·
Registered
Joined
·
285 Posts
IMO the best trigger job any shooter can get is a good double action revolver and spending some time mastering it. IMO there is not finer handgun you can find for learning good trigger technique that shooting a double action revolver.

Yeah, I'm a revolver snob, however I'm also not the least bit bothered by different triggers and can tell you that you'll find that is true for anyone who spends a fair bit of time shooting a double action revolver. Fact is that if it weren't for the Recurve Bow I expect that Cliff would have been among the final group of shooters on Top Shot. Bit of a disappointment there, I had real hopes that he'd put a real beatdown in that arrogant "seal" Jake.

BTW, does anyone else wonder how on earth a total prick and braggart like this was ever a Navy Seal? I really have to wonder how well Top Shot checked into his credentials.
Thanks for the spoiler. Really appreciate it.
 

·
Registered
Joined
·
285 Posts
NO! Please don't take this the wrong way. You say you shoot 700rds a year, I would suggest that you first need to look into spending more money on ammo and range time. 700rds a year is barely getting there in terms of skill maintenance and the stock trigger is perfectly suitable for paper punching and SD.
I disagree. Round count should never be used as a measure of your ability with a handgun. Shooting live rounds is really meant to verify what you're doing during dry-fire practice. Find Bruce Gray online and download his free dryfire practice packet. I promise you that if you dryfire 10mins a day for 2 weeks and then hit the range, you will notice a drastic improvement in your shooting. Just make sure you do it with some snap caps... the striker retainer pin is the weak link in the XD design. $10 worth of snap caps and 10 minutes a day is going to improve your skills MUCH more than a $150 trigger job.
 

·
Registered
Joined
·
38 Posts
I disagree. Round count should never be used as a measure of your ability with a handgun. Shooting live rounds is really meant to verify what you're doing during dry-fire practice. Find Bruce Gray online and download his free dryfire practice packet. I promise you that if you dryfire 10mins a day for 2 weeks and then hit the range, you will notice a drastic improvement in your shooting. Just make sure you do it with some snap caps... the striker retainer pin is the weak link in the XD design. $10 worth of snap caps and 10 minutes a day is going to improve your skills MUCH more than a $150 trigger job.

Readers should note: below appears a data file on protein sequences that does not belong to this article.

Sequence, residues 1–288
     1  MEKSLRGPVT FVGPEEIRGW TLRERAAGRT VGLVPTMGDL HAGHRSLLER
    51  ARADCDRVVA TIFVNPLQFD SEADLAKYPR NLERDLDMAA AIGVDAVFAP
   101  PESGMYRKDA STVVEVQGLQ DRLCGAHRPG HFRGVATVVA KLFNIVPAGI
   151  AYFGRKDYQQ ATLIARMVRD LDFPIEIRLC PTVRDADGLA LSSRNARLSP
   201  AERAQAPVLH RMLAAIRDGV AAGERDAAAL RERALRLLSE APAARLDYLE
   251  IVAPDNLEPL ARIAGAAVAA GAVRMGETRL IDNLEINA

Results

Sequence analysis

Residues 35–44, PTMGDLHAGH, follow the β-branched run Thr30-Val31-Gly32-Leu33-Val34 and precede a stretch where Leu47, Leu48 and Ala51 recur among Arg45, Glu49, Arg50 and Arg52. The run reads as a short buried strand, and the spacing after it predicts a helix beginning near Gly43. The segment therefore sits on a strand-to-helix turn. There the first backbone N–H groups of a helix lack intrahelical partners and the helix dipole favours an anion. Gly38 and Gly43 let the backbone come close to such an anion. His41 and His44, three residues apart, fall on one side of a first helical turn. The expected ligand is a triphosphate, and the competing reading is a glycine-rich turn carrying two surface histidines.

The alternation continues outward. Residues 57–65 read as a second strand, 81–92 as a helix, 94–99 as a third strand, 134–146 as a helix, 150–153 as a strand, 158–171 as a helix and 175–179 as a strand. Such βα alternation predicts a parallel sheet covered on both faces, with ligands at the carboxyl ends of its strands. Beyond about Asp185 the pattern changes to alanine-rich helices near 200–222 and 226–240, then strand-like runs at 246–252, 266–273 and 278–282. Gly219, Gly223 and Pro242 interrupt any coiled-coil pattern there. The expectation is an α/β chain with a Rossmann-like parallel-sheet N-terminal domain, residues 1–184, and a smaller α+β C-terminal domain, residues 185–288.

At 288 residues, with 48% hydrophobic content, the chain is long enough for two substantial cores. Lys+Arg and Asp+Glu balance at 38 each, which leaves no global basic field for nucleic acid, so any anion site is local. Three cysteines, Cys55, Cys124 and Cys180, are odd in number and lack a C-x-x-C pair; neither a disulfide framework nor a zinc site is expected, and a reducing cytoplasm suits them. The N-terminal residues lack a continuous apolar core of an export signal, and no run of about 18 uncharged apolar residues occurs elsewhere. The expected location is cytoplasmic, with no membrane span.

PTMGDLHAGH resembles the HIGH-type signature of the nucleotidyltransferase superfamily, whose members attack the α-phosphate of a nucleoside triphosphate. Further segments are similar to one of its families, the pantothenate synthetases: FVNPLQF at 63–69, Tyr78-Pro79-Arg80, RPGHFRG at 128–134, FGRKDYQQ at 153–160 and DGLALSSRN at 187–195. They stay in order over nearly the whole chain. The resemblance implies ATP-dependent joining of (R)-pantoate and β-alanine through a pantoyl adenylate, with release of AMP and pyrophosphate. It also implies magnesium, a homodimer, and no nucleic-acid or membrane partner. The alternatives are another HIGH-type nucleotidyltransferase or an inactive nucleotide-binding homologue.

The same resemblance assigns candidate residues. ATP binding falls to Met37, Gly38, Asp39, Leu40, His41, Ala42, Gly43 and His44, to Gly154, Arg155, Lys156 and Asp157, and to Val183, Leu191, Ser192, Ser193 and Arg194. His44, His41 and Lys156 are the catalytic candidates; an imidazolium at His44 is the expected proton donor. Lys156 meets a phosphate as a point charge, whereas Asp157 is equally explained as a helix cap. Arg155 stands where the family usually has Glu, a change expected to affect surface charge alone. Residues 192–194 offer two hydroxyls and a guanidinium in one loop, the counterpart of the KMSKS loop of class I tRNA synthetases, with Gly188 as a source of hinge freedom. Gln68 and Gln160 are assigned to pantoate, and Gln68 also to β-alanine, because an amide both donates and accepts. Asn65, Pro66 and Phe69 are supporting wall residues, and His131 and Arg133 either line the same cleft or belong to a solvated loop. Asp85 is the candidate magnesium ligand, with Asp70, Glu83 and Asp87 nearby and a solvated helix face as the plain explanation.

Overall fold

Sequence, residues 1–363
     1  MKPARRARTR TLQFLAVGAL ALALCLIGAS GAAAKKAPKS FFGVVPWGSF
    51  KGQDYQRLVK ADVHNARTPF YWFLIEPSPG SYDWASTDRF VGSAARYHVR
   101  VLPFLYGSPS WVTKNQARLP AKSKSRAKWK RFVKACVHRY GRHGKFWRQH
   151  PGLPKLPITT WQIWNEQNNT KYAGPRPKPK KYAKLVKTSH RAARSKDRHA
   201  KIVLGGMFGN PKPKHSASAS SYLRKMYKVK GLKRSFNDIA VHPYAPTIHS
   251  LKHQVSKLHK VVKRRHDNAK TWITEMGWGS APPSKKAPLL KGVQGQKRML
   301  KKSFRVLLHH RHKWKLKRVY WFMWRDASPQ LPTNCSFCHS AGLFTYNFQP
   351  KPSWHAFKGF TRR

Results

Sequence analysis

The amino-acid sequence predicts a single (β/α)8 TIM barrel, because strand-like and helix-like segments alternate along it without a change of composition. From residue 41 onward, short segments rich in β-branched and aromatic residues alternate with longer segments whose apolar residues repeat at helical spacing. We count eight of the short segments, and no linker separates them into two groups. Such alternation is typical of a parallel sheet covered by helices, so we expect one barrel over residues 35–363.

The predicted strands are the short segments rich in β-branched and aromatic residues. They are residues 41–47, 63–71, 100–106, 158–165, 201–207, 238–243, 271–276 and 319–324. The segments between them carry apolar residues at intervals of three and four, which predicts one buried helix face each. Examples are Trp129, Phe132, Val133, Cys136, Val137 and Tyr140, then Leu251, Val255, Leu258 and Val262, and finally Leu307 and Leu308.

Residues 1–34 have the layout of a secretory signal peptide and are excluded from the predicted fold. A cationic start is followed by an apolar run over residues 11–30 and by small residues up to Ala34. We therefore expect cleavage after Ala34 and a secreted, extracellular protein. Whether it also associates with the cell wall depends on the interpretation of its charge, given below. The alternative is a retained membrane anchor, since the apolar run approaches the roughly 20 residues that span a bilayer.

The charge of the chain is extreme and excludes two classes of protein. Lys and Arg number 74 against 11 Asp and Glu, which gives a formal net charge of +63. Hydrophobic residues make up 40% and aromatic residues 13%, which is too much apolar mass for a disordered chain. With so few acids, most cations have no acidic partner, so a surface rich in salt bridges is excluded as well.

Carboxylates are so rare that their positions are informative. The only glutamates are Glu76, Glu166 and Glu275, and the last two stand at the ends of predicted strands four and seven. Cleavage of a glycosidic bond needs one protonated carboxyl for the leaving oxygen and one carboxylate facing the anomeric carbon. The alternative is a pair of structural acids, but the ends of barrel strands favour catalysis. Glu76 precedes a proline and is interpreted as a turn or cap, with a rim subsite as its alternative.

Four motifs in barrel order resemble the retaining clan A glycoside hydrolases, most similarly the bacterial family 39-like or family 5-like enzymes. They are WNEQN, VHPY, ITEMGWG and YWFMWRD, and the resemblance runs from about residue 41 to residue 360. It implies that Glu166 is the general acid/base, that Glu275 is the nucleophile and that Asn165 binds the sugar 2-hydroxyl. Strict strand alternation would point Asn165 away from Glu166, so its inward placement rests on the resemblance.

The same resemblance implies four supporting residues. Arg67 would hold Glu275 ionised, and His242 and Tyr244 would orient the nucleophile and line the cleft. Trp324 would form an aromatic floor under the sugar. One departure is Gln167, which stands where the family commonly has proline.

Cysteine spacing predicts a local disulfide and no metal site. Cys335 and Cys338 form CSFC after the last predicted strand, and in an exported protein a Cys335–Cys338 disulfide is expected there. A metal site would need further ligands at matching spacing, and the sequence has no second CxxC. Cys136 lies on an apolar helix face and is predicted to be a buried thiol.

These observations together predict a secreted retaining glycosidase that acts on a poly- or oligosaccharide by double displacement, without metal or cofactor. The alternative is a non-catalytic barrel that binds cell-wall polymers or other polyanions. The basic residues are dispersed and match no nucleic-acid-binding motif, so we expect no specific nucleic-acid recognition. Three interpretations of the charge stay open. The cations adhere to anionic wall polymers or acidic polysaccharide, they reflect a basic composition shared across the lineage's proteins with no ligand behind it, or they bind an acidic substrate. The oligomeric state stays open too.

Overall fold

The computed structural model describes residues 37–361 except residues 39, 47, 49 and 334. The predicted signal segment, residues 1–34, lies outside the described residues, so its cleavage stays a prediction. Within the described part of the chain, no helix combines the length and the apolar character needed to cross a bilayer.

I do not disagree; dry-firing drills, if done correctly are a good way to practice your skills and hone in on errors. Indeed I believe lasers are one of the best aids in dry-fire drills. But there is NO substitute for live firing.

I won't enlighten on my background in detail, but I have spent a lot of time (many years) with small arms simulators, trialing them and also reporting (lengthy papers) on their value in the training environment. They will never fully repace the the training value of live firing. Although some accountants would have us beleive otherwise!
 

·
Registered
Joined
·
38 Posts
BTW, does anyone else wonder how on earth a total prick and braggart like this was ever a Navy Seal? I really have to wonder how well Top Shot checked into his credentials.
He was in [the SEALS] for 3 years, left as a Lt. His career (if ya can call it that) was pretty turmultuous amid various claims and one formal complaint of racial discrimination. So yeah they did there background, but he left over 10 years ago, so his claims of ability are somewhat dated and (IIRC) Officers don't often (ever) fill the sniper role, so his claims ('top 2 in a line-up of 60 SEALS') are both bogus and very unlikely.

Back to the topic at hand.
 

·
Registered
Joined
·
839 Posts
I say learn the right way, the first time, get a trigger job.

There is no experience needed for a crisp trigger...or one with a minimal reset, lack or creep and over-travel or a lighter pull.

Now, I do fully believe there is a limit to this...especially in this world of uber-light trigger fanatics that want a 1.5# pull.

I just had my trigger done to 3.5# and although I do consider myself an experienced shooter...I would not hesitate to put my pistol in the hands of a novice. It's not going to shot itself or go full auto.

Becoming a good shooter with any one firearm takes time, practice and most of all, developed muscle memory. With time you will anticipate the over-travel, anticipate the jerky motion and even the long reset. To me this is learning bad mechanics, especially if you get a trigger job later and re-learn to shoot it all over again.